oumkalthoum:

habeshais:

Born in Eritrea, Hannah Pool was adopted and grew up in Norway and UK before discovering that her father and siblings were very much alive back in Eritrea. Pool, now a journalist with The Guardian in the UK, wrote “My Father’s Daughter,” a book about her journey to rediscover her family, roots and country. 

Her story isn’t uncommon when it comes to Eritrean and Ethiopian adoption which is very popular for a wide variety of reasons, one of them being the ease and cost of it in comparison to other African nations and the other being the ‘Good Black’ archetype of us among Europeans. Most adoptive white parents don’t put much thought into the legitimacy of agencies, in fact they take advantage of how poorly regulated the process is. It is no secret that a significant portion of children are moved under the pretense that it is a temporary foster situation and their parents await their return. When their children don’t come back they are forced to believe they have passed away or just don’t want to see them again. If they are somehow reunited years down the line they’re unable to communicate because the children have not learned or maintained their language and have not been introduced to others from their culture, which isn’t always possible to do. I’ve seen that happen many times. Adoptive parents of Habesha kids usually want their children to assimilate into white culture to avoid being the different or odd one out in the family similar to the colorblind theory but avoiding the matter is more harmful to the child’s identity and self esteem. I’m interested to read more about Hannah’s trip back home to my city Keren. It seems like things turned out okay for her which is really nice to hear. Learning Tigrinya as an adult seems scary I admire her a lot.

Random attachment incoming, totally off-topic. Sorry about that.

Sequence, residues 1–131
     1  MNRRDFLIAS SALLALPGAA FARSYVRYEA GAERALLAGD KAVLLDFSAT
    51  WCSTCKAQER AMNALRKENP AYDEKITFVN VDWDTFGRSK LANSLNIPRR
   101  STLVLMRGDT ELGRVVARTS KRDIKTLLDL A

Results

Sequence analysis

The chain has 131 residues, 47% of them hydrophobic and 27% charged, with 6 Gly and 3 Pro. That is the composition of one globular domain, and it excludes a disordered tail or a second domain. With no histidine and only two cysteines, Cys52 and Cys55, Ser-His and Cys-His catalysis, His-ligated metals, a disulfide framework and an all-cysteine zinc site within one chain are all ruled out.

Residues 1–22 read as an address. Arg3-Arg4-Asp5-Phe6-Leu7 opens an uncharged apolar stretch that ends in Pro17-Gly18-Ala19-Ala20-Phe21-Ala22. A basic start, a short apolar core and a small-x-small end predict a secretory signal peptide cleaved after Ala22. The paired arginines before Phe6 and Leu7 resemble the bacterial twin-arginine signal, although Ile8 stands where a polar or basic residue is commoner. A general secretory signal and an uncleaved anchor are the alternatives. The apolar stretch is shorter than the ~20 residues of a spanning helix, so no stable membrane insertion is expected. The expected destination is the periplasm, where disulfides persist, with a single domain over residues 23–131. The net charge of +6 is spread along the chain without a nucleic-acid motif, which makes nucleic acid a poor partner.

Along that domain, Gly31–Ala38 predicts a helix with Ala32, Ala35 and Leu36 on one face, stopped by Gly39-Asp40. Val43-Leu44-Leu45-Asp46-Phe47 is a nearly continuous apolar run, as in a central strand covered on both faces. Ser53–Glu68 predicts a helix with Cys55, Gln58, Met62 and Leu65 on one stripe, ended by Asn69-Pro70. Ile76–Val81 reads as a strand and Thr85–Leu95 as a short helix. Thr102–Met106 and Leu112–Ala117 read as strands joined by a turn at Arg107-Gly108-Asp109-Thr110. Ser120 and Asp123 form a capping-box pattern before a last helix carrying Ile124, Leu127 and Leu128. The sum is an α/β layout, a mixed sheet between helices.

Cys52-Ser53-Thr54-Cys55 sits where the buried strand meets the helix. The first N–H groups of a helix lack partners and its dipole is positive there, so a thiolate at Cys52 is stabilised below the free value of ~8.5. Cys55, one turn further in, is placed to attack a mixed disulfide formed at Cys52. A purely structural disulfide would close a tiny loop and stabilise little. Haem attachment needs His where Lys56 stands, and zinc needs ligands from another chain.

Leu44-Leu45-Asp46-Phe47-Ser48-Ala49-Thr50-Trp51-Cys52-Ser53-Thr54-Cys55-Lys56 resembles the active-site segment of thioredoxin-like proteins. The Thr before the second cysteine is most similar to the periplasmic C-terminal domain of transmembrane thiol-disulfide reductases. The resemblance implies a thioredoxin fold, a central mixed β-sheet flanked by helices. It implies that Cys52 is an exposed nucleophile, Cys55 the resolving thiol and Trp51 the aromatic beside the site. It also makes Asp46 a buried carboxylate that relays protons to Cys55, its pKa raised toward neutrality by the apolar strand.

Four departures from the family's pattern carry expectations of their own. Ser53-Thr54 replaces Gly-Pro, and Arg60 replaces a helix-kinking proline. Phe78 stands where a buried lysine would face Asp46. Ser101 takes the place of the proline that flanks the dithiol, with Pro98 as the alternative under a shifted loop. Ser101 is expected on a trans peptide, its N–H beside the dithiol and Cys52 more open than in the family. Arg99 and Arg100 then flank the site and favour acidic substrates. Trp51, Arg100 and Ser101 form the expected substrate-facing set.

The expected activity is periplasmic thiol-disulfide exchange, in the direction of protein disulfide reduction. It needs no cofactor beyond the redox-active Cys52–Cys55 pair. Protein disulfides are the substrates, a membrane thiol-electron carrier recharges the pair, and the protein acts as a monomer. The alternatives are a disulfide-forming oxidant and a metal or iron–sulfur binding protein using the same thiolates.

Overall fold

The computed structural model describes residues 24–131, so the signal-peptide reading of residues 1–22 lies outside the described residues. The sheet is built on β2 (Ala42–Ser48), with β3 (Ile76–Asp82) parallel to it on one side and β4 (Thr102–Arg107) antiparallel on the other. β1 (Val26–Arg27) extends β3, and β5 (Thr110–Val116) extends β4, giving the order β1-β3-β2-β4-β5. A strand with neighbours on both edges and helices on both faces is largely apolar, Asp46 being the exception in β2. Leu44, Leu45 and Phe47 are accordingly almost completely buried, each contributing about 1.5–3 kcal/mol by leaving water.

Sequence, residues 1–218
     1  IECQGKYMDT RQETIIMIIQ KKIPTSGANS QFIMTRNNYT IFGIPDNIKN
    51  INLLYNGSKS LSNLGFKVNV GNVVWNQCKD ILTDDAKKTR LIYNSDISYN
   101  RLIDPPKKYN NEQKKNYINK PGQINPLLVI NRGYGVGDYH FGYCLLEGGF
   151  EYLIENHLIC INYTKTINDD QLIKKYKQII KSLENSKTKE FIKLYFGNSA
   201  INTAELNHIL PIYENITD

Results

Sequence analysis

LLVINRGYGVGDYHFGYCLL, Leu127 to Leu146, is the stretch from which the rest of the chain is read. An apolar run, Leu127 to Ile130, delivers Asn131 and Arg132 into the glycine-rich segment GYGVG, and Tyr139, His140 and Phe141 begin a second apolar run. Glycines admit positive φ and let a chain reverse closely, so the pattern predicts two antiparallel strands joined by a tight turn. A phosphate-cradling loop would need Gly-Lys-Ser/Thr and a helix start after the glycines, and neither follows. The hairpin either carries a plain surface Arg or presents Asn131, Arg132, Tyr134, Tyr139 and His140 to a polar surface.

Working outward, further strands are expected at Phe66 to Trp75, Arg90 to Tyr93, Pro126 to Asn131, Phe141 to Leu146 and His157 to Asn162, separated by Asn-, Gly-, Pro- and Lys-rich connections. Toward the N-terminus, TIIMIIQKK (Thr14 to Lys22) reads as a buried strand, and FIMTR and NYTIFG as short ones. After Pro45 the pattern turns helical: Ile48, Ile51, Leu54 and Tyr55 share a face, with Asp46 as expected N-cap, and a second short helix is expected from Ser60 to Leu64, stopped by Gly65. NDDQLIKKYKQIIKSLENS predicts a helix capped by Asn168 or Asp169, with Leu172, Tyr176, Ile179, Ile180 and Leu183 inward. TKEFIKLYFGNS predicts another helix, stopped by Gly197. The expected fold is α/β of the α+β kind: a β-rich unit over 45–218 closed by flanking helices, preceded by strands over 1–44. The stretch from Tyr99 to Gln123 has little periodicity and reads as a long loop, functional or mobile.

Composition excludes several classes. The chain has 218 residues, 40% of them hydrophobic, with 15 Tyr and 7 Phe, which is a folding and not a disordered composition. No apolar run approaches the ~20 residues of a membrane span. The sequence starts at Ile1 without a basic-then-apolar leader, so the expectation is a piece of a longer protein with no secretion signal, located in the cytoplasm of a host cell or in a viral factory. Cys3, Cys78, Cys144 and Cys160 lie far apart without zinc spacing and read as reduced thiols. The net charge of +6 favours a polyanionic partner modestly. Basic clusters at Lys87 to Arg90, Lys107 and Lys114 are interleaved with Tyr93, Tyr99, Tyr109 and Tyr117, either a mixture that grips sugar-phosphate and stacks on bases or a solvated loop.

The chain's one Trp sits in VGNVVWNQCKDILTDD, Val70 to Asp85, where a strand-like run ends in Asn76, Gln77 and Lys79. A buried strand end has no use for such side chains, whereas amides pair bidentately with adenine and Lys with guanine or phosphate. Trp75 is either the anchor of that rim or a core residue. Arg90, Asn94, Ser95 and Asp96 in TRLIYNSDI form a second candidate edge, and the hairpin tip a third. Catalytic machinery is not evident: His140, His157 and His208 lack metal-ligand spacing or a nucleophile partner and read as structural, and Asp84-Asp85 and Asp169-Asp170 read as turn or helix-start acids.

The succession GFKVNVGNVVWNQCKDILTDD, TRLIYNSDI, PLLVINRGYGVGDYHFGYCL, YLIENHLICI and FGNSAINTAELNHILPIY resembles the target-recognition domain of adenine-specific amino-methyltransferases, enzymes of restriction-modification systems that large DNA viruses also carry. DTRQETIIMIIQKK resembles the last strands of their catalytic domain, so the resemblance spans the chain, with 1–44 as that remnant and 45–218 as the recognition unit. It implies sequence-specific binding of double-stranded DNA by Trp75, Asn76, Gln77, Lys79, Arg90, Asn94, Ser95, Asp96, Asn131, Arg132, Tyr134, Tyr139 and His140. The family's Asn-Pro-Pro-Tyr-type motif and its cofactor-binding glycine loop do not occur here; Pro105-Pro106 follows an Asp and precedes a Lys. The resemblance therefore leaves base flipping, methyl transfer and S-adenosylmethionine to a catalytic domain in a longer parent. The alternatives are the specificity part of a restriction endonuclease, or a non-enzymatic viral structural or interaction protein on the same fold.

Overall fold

oumkalthoum:

habeshais:

Born in Eritrea, Hannah Pool was adopted and grew up in Norway and UK before discovering that her father and siblings were very much alive back in Eritrea. Pool, now a journalist with The Guardian in the UK, wrote “My Father’s Daughter,” a book about her journey to rediscover her family, roots and country.

Her story isn’t uncommon when it comes to Eritrean and Ethiopian adoption which is very popular for a wide variety of reasons, one of them being the ease and cost of it in comparison to other African nations and the other being the ‘Good Black’ archetype of us among Europeans. Most adoptive white parents don’t put much thought into the legitimacy of agencies, in fact they take advantage of how poorly regulated the process is. It is no secret that a significant portion of children are moved under the pretense that it is a temporary foster situation and their parents await their return. When their children don’t come back they are forced to believe they have passed away or just don’t want to see them again. If they are somehow reunited years down the line they’re unable to communicate because the children have not learned or maintained their language and have not been introduced to others from their culture, which isn’t always possible to do. I’ve seen that happen many times. Adoptive parents of Habesha kids usually want their children to assimilate into white culture to avoid being the different or odd one out in the family similar to the colorblind theory but avoiding the matter is more harmful to the child’s identity and self esteem. I’m interested to read more about Hannah’s trip back home to my city Keren. It seems like things turned out okay for her which is really nice to hear. Learning Tigrinya as an adult seems scary I admire her a lot.

(via nocturnalphantasmagoria)